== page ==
as shown in Chapter~II, and represents an attempt to derive
from world-geometry not only gravitational but also electromagnetic
phenomena. Even if this theory is still only in its
infant stage, I feel convinced that it contains no less truth
than Einstein's Theory of Gravitation---whether this amount
of truth is unlimited or, what is more probable, is bounded by
the Quantum Theory.
I wish to thank Mr.~Weinstein for his help in correcting
the proof-sheets.
\Signature{HERMANN WEYL}
{Acla Pozzoli, near Samaden}
{\textit{August}, 1919}
\SectTitle{PREFACE TO THE FOURTH EDITION}
\First{In} this edition the book has on the whole preserved its
general form, but there are a number of small changes and
additions, the most important of which are: (1)~A paragraph
added to Chapter~II in which the problem of space is
formulated in conformity with the view of the Theory of
Groups; we endeavour to arrive at an understanding of the
inner necessity and uniqueness of Pythagorean space metrics
based on a quadratic differential form. (2)~We show that the
reason that Einstein arrives necessarily at uniquely determined
gravitational equations is that the scalar of curvature is the
only invariant having a certain character in Riemann's space.
(3)~In Chapter~IV the more recent experimental researches
dealing with the general theory of relativity are taken into consideration,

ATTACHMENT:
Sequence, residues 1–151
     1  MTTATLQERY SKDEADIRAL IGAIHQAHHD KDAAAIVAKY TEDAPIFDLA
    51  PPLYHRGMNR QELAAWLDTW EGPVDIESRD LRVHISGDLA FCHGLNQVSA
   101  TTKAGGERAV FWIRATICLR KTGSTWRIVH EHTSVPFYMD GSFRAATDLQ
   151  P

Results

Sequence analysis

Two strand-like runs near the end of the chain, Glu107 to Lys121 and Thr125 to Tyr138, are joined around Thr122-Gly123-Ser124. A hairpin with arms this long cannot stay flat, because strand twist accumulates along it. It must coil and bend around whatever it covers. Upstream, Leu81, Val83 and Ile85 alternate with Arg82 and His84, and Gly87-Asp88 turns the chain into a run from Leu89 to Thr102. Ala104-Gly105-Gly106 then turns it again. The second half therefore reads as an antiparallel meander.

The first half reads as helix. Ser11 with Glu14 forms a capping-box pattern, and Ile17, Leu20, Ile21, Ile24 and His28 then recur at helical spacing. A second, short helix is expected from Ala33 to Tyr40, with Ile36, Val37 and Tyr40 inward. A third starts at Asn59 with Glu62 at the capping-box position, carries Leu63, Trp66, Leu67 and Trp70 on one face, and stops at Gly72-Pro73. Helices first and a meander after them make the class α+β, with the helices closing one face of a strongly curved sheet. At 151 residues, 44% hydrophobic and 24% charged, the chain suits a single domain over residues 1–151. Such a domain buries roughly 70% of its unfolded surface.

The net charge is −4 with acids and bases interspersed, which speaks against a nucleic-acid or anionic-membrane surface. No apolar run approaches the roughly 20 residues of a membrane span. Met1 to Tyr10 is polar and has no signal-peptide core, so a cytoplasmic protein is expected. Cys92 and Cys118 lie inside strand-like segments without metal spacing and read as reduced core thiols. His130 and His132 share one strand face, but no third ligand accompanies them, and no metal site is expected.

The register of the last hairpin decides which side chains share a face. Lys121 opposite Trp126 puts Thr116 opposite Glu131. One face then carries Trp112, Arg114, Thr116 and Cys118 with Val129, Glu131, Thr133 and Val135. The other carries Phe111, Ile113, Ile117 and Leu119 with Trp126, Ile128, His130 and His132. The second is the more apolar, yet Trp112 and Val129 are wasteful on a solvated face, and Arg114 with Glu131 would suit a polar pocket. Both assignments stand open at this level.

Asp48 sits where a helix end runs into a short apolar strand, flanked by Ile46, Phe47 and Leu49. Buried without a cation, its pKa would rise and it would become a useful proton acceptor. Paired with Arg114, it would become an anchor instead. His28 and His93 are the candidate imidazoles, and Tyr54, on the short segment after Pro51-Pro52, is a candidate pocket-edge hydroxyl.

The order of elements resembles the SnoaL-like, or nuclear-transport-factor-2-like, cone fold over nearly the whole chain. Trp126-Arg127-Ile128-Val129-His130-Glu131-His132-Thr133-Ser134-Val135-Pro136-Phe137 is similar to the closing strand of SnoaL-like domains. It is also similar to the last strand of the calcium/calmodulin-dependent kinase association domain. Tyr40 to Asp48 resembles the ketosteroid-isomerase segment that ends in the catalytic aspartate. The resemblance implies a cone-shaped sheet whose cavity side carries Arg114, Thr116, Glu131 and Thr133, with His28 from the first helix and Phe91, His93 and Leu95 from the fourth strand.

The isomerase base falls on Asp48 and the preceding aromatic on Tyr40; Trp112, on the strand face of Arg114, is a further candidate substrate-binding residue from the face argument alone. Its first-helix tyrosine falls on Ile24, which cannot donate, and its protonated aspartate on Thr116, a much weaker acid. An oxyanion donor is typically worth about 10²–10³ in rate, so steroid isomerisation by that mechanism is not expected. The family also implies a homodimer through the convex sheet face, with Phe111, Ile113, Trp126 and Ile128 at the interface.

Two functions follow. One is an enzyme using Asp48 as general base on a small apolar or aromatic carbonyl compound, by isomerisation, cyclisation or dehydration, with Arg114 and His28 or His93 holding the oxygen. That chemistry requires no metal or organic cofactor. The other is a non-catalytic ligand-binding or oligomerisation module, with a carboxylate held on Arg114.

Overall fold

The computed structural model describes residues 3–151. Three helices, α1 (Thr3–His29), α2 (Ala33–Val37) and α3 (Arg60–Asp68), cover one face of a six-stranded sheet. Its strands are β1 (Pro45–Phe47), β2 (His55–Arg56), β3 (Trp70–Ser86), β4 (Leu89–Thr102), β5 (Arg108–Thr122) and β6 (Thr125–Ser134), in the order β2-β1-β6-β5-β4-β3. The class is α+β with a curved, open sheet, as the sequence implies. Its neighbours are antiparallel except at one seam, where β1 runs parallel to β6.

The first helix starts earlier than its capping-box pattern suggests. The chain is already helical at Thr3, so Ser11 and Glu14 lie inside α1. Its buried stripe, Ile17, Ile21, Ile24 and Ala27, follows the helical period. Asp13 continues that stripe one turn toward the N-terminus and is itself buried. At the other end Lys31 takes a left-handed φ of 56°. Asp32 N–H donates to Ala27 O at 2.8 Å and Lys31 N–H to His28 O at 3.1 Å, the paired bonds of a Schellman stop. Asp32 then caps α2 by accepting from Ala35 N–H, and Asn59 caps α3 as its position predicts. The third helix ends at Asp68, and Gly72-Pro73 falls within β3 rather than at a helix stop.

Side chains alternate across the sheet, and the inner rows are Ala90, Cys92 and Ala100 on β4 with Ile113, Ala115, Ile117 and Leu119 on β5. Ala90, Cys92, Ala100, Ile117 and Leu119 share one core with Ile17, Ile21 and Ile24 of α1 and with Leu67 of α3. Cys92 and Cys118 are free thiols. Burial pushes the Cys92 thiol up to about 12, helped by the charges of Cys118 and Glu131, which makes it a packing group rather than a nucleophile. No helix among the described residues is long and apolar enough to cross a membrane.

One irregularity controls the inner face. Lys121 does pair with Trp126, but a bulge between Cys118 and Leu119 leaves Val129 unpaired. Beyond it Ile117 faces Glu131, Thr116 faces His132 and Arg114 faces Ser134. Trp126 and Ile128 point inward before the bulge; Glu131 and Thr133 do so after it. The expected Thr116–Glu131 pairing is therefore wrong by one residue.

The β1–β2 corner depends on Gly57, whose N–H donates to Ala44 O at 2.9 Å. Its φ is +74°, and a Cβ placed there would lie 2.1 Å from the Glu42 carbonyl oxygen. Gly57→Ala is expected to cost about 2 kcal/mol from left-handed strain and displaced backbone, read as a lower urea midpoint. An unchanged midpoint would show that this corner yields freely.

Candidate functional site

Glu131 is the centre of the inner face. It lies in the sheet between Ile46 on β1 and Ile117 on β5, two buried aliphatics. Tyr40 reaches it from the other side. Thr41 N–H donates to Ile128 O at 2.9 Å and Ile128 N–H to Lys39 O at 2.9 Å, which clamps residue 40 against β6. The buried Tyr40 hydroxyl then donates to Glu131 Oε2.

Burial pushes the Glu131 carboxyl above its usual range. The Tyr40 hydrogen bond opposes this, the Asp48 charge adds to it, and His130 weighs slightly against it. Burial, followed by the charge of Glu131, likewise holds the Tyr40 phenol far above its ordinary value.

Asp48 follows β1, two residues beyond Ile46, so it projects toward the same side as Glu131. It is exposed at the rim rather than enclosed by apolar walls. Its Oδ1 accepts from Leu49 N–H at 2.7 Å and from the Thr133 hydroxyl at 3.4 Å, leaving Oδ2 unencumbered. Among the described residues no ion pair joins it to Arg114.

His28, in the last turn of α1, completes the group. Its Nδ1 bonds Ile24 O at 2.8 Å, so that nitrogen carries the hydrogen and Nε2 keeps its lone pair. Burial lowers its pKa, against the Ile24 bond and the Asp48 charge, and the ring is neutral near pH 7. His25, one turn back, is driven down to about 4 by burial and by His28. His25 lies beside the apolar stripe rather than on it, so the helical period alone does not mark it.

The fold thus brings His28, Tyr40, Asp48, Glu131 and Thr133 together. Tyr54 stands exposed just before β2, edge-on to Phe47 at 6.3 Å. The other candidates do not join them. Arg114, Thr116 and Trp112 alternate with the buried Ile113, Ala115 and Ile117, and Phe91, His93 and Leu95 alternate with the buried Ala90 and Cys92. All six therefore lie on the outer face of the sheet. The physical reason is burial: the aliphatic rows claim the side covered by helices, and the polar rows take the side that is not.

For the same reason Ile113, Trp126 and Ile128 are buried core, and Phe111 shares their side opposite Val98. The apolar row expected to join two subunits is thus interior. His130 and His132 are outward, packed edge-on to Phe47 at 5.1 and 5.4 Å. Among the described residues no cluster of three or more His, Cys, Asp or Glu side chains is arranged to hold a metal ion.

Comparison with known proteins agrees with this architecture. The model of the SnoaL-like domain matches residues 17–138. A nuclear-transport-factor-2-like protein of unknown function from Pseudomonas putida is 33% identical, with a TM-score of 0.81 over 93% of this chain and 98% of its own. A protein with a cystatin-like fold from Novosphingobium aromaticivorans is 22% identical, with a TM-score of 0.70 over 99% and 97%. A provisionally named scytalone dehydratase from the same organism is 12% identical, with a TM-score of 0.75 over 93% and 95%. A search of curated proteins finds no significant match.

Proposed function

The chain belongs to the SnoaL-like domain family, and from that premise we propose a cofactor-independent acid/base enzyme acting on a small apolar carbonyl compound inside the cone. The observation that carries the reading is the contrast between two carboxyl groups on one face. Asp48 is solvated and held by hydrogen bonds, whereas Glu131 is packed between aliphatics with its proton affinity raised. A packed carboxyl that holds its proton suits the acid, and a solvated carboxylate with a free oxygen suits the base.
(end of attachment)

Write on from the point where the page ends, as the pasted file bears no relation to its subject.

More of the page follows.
particularly the deflection of rays of light by the
gravitational field of the sun, as was shown during the solar
eclipse of 29th~May, 1919, the results of which aroused great
interest in the theory on all sides. (4)~With Mie's view of
matter there is contrasted another (\textit{vide} particularly §\,32 and
§\,36), according to which matter is a limiting singularity of
\PageSep{viii}
the field, but charges and masses are force-fluxes in the field.
This entails a new and more cautious attitude towards the
whole problem of matter.
Thanks are due to various known and unknown readers for
pointing out desirable modifications, and to Professor Nielsen
(at Breslau) for kindly reading the proof-sheets.
\Signature{HERMANN WEYL}
{Zürich, \textit{November}, 1920}{}
\PageSep{ix}
\newpage
\SectTitle{TRANSLATOR'S NOTE}
\First{In} this rendering of Professor Weyl's book into English,
pains have been taken to adhere as closely as possible to
the original, not only as regards the general text, but also
in the choice of English equivalents for technical expressions.
For example, the word \emph{affine} has been retained. It is used
by Möbius in his \Title{Der Barycentrische Calcul}, in which he
quotes a Latin definition of the term as given by Euler.
Veblen and Young have used the word in their \Title{Projective
Geometry}, so that it is not quite unfamiliar to English
mathematicians. \textit{Abbildung}, which signifies representation, is
generally rendered equally well by transformation, inasmuch
as it denotes a copy of certain elements of one space mapped